Another obstacle to overcome when exercising in cold temperatures is avoiding an increased heat loss to conduction from sweat soaked and cold clothes next to the skin.  Avoid wearing cotton that will trap moisture.  Instead choose layers that will wick moisture away from the skin such as special polyester blends like CoolMax®.  While wearing wicking layers is important, the outer wind resistant layer should be breathable to allow wicked moisture to escape and evaporate, keeping you dry.
Fluid and carbohydrate needs are increased during cold weather racing and training as well.  You may not notice fluid loss due to the colder and drier air so a conscious effort must be made to consume extra liquids.  While fluid loss from sweating may be decreased in the cold, more moisture is lost through exhalation than in normal conditions.  In addition, working muscles utilize glycogen at a higher rate in the cold due to increased adrenaline produced by the body in response to cold stress.  This increased glycogen utilization leads to a higher risk of hypoglycemia without adequate carbohydrate ingestion.  Liberal intake of a carbohydrate containing sports drink will serve the increased need of both fluids and carbohydrates.
Failing to dress properly for the cold or address fluid and carbohydrate needs will negatively affect your athletic performance.  The body will shunt blood flow away from the periphery and working muscles toward the center of the body to keep internal, more crucial, organs warm.  As noted, carbohydrates usage will increase as well.  The cold will affect the nervous system and fine motor control.
When training or racing in cold weather, be on the lookout for signs of hypothermia that include shivering, confusion, drowsiness and weakness.  In extreme cases, the athlete may even stop shivering and go unconscious.  When training in the cold, utilize training routes that keep you close to home in case you need to head back earlier than expected.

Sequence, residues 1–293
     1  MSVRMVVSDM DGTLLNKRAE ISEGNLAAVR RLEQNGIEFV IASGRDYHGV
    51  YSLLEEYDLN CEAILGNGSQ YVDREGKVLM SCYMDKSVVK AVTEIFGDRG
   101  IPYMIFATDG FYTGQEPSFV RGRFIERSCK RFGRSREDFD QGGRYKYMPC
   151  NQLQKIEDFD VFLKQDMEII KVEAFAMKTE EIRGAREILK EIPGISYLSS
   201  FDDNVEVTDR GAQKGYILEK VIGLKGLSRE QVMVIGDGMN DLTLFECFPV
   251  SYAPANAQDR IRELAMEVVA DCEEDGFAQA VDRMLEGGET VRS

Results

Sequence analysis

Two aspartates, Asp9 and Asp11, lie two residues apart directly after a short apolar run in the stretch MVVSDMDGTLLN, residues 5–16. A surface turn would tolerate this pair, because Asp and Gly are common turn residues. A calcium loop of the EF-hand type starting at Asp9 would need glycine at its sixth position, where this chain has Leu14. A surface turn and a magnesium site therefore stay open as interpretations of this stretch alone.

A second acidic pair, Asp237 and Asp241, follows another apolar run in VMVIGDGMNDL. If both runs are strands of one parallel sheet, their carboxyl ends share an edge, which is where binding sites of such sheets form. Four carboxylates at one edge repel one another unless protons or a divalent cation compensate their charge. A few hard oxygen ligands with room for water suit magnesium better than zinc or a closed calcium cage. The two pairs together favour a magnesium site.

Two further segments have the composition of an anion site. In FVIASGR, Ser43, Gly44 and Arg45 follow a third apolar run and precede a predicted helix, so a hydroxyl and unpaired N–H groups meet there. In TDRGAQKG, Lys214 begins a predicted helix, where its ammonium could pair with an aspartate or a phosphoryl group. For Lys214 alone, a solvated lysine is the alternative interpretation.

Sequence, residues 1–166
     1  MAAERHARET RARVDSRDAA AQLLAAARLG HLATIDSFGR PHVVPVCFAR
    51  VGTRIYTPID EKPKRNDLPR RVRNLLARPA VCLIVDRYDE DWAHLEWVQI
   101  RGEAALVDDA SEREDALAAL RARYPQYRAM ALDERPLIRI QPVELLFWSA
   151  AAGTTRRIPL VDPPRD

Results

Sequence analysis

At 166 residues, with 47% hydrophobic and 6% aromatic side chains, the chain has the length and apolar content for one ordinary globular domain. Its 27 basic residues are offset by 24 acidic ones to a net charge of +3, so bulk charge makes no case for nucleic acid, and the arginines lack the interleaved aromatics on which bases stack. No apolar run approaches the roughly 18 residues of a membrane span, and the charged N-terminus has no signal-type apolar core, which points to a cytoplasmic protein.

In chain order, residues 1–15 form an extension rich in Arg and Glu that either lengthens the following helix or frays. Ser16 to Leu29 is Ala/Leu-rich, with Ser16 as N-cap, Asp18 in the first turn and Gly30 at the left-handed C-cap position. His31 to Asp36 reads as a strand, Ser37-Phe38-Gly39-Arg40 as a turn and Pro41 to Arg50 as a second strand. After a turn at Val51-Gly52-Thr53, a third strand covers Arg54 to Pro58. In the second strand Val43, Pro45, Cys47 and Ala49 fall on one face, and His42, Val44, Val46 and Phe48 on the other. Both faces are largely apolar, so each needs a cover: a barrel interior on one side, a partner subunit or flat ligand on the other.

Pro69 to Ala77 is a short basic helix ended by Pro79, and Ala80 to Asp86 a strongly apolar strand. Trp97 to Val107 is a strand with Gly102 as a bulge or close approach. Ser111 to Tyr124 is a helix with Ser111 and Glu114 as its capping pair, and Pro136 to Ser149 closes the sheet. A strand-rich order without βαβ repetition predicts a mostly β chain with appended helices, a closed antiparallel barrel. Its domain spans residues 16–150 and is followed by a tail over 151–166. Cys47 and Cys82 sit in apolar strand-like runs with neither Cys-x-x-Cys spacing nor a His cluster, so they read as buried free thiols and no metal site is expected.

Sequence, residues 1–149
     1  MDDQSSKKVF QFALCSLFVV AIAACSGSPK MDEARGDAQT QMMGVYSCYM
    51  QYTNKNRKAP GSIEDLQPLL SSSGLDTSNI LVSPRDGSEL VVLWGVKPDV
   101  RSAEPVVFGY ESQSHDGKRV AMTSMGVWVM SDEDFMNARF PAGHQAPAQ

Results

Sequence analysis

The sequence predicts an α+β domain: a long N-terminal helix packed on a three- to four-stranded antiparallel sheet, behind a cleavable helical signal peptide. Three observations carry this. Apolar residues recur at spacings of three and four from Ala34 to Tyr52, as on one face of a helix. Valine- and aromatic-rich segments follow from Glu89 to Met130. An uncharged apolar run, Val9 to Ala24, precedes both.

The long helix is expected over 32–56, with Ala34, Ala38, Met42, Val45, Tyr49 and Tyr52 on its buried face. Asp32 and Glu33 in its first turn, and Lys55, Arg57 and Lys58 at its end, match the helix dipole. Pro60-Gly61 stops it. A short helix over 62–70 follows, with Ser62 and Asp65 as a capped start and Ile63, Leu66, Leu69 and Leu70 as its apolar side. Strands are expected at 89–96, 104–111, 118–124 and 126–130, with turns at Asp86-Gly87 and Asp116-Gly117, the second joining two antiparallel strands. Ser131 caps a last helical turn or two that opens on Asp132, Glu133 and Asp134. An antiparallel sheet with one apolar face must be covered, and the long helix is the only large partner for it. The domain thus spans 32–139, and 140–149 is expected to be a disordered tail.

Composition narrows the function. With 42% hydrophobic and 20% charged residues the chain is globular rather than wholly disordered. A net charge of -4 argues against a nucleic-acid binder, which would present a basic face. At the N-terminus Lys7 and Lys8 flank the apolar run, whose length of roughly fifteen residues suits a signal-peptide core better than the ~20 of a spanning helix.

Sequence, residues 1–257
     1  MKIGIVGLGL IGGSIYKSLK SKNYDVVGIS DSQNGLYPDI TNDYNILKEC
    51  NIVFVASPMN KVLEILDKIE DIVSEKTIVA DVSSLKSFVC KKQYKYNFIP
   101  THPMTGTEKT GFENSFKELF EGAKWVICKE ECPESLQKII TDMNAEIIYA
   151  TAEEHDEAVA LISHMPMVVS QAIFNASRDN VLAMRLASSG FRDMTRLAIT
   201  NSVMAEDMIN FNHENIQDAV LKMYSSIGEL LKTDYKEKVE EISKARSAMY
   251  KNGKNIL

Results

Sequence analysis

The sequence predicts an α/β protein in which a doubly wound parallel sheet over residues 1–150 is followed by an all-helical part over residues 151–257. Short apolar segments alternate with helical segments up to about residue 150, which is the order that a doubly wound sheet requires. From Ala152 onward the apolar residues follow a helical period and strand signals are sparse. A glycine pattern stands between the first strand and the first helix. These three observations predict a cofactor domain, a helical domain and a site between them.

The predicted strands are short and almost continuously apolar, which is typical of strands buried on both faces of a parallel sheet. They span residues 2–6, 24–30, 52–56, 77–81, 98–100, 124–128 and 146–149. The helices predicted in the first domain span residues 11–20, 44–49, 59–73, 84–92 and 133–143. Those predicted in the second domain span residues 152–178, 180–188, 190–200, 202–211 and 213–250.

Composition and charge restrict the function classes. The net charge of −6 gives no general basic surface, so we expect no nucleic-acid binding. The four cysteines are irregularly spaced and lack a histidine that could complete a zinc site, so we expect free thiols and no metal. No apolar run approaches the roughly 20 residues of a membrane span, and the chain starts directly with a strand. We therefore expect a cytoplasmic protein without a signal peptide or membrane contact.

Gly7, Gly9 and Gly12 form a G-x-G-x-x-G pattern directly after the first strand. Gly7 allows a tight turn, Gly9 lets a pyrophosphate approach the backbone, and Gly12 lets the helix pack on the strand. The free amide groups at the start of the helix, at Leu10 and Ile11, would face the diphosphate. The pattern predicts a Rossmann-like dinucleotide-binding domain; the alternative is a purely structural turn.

Another challenge that cold weather creates is dangerous or unusual terrain due to snow and ice.  Running routes can become hazardous due to uneven frozen surfaces.  Try to find and use special running “spikes” that strap onto your running shoes for more stable footing.  If running or cycling outdoors is simply not an option due to surface conditions, embrace Old Man Winter by cross-training with a different winter sport such as snowshoeing or cross-country skiing.  If all else fails, indoor training on a treadmill or stationary bike trainer may be required.
Finally, do not think that just because you live where there is no snow on the ground that you are not susceptible to the dangers and performance decreases of cold.  Wind-chills or wet clothing can cause hypothermia at what may seem to be warm ambient temperatures as high as 50 degrees Fahrenheit.  This wind-chill on a “warm” day is especially common if you live and train on hilly terrain where you may be descending while wet with sweat from climbing the previous hill.
With good planning, and by following the tips above, it should be possible to maximize your training opportunities despite living in a colder climate.